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SODEM Night

February 14th, 2019

December 12th wasn’t really a day for taking photograph for me, more a day off to go out for a few drinks and a meal with some photographer friends. But as I sually do on such occasions I took a camera with me, just in case I wanted to take some pictures. Not one of the Nikons I usually use for work, but a Fuji X-E3, with the 18-135 lens fitted, and as something of an afterthought I also put the smallish 18mm f2 in my bag too.

The day out started a little late, as when we agreed to meet at the Tate. For some unknown reason (senility?) I had in mind Tate Modern but everyone else got it right and went to Tate Britain, where at my request we were aiming to start at a show by photographer Markéta Luskačová of her Spitalfields pictures. A couple of phone calls later I was on the Jubilee line to Westminster and then hurrying down past the Houses of Parliament, where I saw a bus coming and rushed to just miss it.

Finally arriving at Tate Britain I had to find the show, which wasn’t easy – the gallery does really need to look at its signage. Finally I asked one of the gallery staff who didn’t really know but gave me a map and pointed in roughly the right direction. The show does continue until May 12th 2019, so if you start now there is some chance of finding it by then.

Finally we were all met, and after I’d run around the show (worth seeing though I was familiar with all the work already) we left for the pub, a journey where I at least part redeemed myself by actually knowint the way as it was the same one I’d gone to meet Class War before their visit to the Rees-Moggs a few months earlier. We’d hoped by around 2pm it would be getting a little less busy, but approaching Christmas it was rather full, with several parties about to take place, and after a drink or two we left for the next venue, a theatre bar I’d often walked past but never visited,  which was quieter and cosier.

An hour or so later we’d had enough of expensive beer and got on a bus towards a Wetherspoons where we were also to eat. Not a gourmet location, but almost always edible and good value, with fast service. Spoons do differ despite all being a part of the same empire, and this was the preferred choice of our late colleague-in-arms Townly Cooke, who at one time was a part of their quality control, being paid to eat and drink unannouced at their pubs across London.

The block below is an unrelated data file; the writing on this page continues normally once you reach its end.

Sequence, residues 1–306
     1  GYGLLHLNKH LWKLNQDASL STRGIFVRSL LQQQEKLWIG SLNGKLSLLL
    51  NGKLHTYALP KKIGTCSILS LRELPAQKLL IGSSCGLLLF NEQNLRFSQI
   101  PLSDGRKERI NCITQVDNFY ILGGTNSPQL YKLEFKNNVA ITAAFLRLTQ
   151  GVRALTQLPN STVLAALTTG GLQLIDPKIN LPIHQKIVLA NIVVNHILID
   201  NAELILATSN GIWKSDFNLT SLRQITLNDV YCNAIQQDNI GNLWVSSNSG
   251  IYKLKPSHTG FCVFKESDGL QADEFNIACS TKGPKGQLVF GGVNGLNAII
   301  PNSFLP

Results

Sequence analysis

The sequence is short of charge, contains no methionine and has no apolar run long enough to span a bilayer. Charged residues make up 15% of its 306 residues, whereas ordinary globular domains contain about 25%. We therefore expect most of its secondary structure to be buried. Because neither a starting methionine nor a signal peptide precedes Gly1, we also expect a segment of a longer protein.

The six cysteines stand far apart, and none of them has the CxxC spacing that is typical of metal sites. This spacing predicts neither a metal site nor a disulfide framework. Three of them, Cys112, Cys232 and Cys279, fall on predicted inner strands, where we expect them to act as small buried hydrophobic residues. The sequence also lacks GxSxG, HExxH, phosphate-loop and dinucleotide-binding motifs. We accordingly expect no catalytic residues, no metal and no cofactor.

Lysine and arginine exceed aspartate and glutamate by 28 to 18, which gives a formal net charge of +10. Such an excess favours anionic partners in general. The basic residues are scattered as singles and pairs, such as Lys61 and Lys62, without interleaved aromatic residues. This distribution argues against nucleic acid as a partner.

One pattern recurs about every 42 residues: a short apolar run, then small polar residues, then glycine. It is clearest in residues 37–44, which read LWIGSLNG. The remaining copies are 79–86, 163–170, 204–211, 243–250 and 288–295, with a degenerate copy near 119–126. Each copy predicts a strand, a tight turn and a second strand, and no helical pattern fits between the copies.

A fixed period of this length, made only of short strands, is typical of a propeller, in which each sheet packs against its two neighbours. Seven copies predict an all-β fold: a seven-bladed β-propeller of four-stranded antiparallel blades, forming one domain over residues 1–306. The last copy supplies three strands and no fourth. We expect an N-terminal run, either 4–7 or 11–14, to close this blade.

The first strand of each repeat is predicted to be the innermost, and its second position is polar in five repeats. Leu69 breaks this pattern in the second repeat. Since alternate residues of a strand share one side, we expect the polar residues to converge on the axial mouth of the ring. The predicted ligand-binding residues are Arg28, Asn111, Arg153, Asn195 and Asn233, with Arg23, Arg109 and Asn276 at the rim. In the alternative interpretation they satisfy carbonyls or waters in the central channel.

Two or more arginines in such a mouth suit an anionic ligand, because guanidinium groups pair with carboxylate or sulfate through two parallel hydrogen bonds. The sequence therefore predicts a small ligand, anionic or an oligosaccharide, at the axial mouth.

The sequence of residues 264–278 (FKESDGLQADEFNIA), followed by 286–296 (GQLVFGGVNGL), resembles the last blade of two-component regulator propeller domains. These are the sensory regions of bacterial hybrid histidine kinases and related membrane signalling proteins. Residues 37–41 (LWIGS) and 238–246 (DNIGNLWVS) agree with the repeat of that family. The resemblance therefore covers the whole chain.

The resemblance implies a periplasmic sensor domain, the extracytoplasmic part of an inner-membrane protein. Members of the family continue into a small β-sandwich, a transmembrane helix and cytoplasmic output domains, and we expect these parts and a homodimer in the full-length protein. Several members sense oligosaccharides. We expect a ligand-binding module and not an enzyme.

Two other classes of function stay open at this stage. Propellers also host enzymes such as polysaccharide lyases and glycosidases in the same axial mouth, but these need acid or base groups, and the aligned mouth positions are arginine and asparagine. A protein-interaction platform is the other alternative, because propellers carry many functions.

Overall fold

We finished early as one of our number had to get back to Oxfordshire for an early start to work the following day and I found myself going across Waterloo Bridge at around 6.30pm and realising I couldn’t use my Super Off-Peak rail ticket until half an hour later.  I remembered there had been quite a lot of Brexit-related activity outside Parliament when I’d run past earlier in the day and decided to return to see if anything was still happening.

I changed the f3.5 maximum aperture zoom for the 18mm f2 fixed lens and set to work photograph SODEM who were still keeping up their vigil, along with a rather impressive Brexit monstrosity on the back of a lorry. The extreme-right who had been noisy and disruptive were long gone, and things were pretty quiet.

I was interested to see how the Fuji would cope under the failry dim conditions, working at f2 and ISO 3200.  Shutter speeds varied, but were generally usable, around 1/50s and the camera usually focussed fairly easily on something, though not always exactly where I had intended, though I suspect this was my fault. As always under such conditions, depth of filed is always a problem, but the smaller sensor compared to full frame does improve this. Working in low light like this not everything works, and I always have to overshoot, but there weren’t that many absoluted failures. I’ve put most of the frames that didn’t have obvious problems on the web site rather than edit more tightly to perhaps half a dozen frames as I might usually have done.

Although I’ve decided the Fuji cameras I’ve tried can’t really replace the Nikons for my work, I’ve been wondering for some time about trying a micro four thirds system. I think my first step will be to evaluated using one with a telephoto zoom alongside the Fuji X-E3  with the wide-angle zoom.

As I walked back into Parliament Square I saw a bus to Waterloo just entering the square and ran towards to stop to catch it. This time I got there in time.

You can see the pictures I took at SODEM vigil against Brexit

There are no adverts on this site and it receives no sponsorship, and I like to keep it that way. But it does take a considerable amount of my time and thought, and if you enjoy reading it, a small donation – perhaps the cost of a beer – would be appreciated.

My London Diary : London Photos : Hull : River Lea/Lee Valley : London’s Industrial Heritage